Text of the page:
WHY RSE IN SCHOOLS MATTERS
WHAT WE’RE CALLING FOR
Young people have told us these issues matter to them – which is why we believe they must be included in the new RSE curriculum.
- Putting girls' experiences at the top of the agenda: we know that girls are disproportionately affected by the issues affecting young people. They face harassment at school, they’re scared every day on the street and they’re at greater risk of online abuse than their male counterparts. It’s vital that schools recognise this, if we’re to end gender-based violence in the UK.
- Preventing abuse in relationships: a curriculum that focuses on the social and emotional side of sex and relationships, as well as the physical and biological elements, can help young people reduce the risk of violence and abuse.
- Consent: as the #metoo movement has shown, we need to talk more about consent. Schools can play a vital role, supporting young people to understand what is - and is not - part of a healthy, consensual relationship both on and offline.
- Periods and menstruation: more than a quarter of girls in the UK (26%) didn't know what to do when their period started, while 48% say they feel embarrassed by their period. Better education about the social, emotional and physical aspects of menstruation, for both boys and girls, can help end the stigma.
- Life in the digital world: the RSE curriculum was last updated before Instagram, Facebook or Snapchat even existed. With almost half of all girls in the UK experiencing harassment or abuse online, RSE must reflect the reality of lives lived in the digital world. Girls have a right to be online, and that starts with education.
- Harmful Traditional Practices: girls of school age are at particular risk of practices including female genital mutilation (FGM) and child marriage. RSE can play a significant role in raising awareness and changing attitudes, so that young people are informed, empowered and know their rights.
- Education about pornography: 75% of young people say they want to be taught about online pornography at school – helping them understand what it represents and what its impacts might be.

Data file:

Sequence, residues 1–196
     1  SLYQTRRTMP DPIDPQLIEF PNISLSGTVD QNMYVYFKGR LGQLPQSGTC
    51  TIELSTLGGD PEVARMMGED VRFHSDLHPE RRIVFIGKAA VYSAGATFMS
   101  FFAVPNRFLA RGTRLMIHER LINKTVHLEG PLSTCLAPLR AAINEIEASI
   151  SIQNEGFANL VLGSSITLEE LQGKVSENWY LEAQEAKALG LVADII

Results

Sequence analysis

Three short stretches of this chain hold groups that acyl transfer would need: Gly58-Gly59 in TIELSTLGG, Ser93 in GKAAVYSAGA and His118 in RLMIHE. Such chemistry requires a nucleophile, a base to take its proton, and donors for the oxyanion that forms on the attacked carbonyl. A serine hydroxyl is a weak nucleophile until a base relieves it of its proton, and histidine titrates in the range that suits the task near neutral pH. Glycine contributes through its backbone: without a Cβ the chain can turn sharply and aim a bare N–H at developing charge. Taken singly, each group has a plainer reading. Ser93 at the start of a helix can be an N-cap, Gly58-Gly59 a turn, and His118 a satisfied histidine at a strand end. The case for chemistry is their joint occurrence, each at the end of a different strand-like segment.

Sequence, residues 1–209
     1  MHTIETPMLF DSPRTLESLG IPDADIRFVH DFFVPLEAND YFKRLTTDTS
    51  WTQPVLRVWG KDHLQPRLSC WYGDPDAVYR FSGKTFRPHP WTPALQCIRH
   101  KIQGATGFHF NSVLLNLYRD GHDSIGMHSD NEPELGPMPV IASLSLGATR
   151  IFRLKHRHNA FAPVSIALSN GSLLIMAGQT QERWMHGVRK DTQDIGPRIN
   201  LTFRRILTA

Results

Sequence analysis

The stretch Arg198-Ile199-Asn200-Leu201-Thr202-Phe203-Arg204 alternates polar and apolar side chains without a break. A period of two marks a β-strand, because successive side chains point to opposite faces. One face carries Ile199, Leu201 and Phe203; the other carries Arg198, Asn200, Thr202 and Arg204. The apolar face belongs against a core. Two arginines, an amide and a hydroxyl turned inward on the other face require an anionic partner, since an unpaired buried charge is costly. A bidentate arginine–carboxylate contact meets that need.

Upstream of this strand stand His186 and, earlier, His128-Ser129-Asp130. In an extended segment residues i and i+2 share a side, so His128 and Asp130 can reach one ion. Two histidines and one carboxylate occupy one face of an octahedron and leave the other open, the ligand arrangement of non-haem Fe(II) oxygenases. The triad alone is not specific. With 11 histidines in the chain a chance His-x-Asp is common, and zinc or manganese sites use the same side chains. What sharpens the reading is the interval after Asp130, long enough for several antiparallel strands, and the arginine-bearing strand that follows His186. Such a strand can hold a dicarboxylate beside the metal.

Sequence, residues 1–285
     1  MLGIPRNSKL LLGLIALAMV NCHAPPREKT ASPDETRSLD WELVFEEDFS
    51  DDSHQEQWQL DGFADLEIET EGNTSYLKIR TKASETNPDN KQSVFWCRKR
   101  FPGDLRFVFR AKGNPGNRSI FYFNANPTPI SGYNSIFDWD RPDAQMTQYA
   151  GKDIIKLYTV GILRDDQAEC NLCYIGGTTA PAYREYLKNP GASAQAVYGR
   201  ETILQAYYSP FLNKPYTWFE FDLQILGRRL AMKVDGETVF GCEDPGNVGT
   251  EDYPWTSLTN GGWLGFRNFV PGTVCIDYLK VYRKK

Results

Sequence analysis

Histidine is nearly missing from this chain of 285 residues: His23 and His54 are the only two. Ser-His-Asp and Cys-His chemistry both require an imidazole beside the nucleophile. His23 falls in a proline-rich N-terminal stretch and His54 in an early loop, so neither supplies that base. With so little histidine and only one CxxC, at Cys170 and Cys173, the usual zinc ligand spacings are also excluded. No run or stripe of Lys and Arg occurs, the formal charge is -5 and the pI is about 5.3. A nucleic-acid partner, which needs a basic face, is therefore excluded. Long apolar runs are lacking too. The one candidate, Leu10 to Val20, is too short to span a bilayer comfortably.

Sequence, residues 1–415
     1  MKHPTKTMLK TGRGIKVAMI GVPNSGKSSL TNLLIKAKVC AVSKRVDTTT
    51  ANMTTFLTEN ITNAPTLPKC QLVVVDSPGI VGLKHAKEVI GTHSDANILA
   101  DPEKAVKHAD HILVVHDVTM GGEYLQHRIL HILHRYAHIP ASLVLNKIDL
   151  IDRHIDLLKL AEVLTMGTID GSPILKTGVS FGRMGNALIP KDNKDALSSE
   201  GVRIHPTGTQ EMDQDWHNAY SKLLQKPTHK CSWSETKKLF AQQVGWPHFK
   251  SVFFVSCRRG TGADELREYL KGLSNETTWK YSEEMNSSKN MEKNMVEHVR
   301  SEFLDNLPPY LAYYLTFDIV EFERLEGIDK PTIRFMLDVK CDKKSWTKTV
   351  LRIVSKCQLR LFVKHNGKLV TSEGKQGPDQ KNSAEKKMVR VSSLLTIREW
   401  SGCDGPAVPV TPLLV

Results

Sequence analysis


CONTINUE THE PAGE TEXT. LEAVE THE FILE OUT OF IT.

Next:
"It allows you to be in control"
"I think learning about sex and relationship education is really important as it allows you to be in control and stop people taking advantage of you." - Ambrin, 15
From Muslim to Christian beliefs, from girls to boys, and from diverse sexual orientations – these young people all have one thing in common: they all called for mandatory Relationships and Sex Education.
Who’s supporting the campaign
"Digital mobile phones and 24-hour-a-day access to the online world are an everyday part of British childhood. As a result most children will have seen online pornography before they leave primary school and will have been asked for a sexual digital image of themselves by a friend before they leave secondary school.
“Parents and children know they need help and that is why I want compulsory lessons at school to help children better understand the signs of an abusive relationship, issues such as consent and the harm that is done by sexting and underage viewing of pornography.”
Maria Miller MP, Conservative party, Chair, Women and Equalities Select Committee
“It’s really important that the next generation of young people get the life skills they need to have healthy sex and relationships, by ensuring their sex education includes consent, LGBT relationships, STIs and HIV, not just reproduction and body parts.”
Jess Phillips MP, Labour Party
What the UK public say
READ MORE ABOUT THE CAMPAIGN
Here's why I'm standing with thousands of my peers across the country
SRE - it's more than just sex ed, it’s about relationships too. But what does that mean?